Global fund to help solve India’s HIV drug crisis

Health Ministry releases Rs. 6 crore to pay Cipla Pharma

After running out of the child-friendly HIV syrup, Lopinavir, India is likely to procure the drug from a rapid supply facility routed through the Global Fund for AIDS, Tuberculosis and Malaria (GFATM), a multilateral donor agency.

Meanwhile, the Health Ministry on Tuesday released the first installment of the Rs. 6 crore payment due to Cipla Pharmaceuticals — the sole manufacturer of the drug. While the immediate crisis triggered by unpaid bills is being sorted, the shortage of the drug itself still looms large over India’s national HIV programme. India has a cohort of over 600 children who require 36,000 bottles of Lopinavir syrup annually.

Speaking to The Hindu , Dr. Denis Broun, Global Director for access and public affairs at Cipla Pharmaceuticals, clarified that the company did not have a position in principle that they ever participate in government tenders. “Cipla has been supplying anti retrovirals to governments and we have been upfront with our issues of payments over the past several months. The last payment was the proverbial straw that broke the camel’s back,” said Dr. Broun.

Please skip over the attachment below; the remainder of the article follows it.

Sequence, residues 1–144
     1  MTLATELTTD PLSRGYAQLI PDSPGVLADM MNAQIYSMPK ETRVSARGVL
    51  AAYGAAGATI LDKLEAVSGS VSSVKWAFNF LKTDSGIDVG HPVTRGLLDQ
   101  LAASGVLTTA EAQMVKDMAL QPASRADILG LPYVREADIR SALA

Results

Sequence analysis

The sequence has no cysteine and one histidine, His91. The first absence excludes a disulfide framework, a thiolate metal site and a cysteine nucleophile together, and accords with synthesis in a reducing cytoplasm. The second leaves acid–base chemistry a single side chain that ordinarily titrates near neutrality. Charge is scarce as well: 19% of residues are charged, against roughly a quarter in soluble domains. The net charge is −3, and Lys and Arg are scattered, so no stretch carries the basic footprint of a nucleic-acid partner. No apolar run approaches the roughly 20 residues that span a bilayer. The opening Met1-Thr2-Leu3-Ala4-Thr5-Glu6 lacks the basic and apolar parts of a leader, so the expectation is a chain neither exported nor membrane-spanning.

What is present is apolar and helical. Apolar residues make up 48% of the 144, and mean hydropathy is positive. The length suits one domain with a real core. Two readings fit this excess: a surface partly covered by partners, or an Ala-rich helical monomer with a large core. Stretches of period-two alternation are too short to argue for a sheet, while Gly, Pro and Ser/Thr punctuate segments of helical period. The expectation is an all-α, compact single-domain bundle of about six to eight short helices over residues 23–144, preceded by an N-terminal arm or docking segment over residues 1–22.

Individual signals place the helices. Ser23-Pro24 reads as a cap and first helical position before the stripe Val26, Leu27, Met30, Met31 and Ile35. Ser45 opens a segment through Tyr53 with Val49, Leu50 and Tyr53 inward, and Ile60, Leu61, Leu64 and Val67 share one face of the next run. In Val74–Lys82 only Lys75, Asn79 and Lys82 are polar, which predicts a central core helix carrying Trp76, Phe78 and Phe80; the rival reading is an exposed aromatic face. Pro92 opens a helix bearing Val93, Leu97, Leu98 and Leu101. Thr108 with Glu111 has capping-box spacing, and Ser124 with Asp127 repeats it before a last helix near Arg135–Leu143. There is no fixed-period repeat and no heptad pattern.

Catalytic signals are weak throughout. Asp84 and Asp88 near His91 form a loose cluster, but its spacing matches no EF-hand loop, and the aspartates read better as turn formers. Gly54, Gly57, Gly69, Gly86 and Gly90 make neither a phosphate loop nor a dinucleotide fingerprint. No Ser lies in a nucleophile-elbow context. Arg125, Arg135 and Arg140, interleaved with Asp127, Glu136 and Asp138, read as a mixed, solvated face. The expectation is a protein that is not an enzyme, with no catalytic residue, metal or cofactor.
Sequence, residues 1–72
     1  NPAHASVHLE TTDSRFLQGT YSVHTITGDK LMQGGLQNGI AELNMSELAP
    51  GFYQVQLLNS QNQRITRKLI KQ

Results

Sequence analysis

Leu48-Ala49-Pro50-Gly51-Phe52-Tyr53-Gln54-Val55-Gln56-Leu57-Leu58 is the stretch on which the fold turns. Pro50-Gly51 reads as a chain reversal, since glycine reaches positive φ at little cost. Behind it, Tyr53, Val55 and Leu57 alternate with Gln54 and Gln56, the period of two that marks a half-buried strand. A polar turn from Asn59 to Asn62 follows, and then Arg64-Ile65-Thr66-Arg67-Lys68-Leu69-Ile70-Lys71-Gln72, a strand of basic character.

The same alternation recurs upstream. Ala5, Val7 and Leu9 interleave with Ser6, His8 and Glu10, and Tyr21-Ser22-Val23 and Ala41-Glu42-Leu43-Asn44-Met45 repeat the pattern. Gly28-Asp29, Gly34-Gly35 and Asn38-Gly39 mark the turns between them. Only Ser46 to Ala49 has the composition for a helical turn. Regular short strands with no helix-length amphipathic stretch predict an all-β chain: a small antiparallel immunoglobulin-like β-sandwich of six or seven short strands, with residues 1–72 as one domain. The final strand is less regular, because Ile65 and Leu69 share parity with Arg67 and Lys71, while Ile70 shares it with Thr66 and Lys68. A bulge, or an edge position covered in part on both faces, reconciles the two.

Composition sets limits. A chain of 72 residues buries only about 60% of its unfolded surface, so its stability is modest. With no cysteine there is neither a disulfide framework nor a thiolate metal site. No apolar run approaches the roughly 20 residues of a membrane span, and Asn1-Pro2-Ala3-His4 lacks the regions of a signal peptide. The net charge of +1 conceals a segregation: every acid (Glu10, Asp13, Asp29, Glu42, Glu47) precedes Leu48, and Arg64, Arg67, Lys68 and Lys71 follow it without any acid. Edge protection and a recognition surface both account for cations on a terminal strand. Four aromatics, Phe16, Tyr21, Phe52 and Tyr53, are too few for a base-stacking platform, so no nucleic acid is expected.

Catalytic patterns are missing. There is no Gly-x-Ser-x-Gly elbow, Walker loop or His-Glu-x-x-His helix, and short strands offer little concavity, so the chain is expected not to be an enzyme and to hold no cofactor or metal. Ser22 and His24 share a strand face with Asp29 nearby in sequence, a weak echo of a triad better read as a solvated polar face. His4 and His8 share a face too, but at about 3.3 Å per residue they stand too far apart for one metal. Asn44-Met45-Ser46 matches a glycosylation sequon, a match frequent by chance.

“We did not participate in the last tender because of the payment issues. We understand that the government is trying to sort out the financial situation and I want to clarify that we do not have a position, in principle, that we will not participate in government bidding.”

A relief

In what is a relief to HIV community, he added that Cipla Pharmaceuticals will be re-submitting the application seeking registration of the Lopinavir pellets — a better paediatric formulation as it can be added to meals and will not require refrigeration.

The Drug Controller General of India (DCGI) is likely to give the approvals accelerated attention, given the dire shortage.

The developments follow a March 6 report by The Hindu , ‘India runs out of life-saving HIV drug for children’, that 637 children living with HIV (CLHIV) ranging from ages 3 to 19, had written to Prime Minister Narendra Modi after Cipla stopped production of the drug due to non-payment of bills from 2014. Upset with continued non-payment, Cipla Pharmaceuticals had stopped participating in government tenders, resulting in the current stock-out.

The Health Ministry has maintained that the supply of Lopinavir should resume by the end of this week, informed Arun Panda, Additional Secretary, Ministry of Health and Family Welfare.

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